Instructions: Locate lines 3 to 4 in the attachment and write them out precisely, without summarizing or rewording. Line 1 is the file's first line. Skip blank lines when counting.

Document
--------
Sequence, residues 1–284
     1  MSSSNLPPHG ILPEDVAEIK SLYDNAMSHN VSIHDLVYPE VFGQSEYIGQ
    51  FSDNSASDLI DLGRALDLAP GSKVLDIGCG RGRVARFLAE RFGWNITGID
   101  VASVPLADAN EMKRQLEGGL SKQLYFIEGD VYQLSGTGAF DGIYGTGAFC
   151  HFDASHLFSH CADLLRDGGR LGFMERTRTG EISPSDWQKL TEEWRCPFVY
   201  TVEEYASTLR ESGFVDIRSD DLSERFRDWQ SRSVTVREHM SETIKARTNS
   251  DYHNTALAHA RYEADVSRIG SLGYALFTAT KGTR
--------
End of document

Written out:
    51  FSDNSASDLI DLGRALDLAP GSKVLDIGCG RGRVARFLAE RFGWNITGID
   101  VASVPLADAN EMKRQLEGGL SKQLYFIEGD VYQLSGTGAF DGIYGTGAFC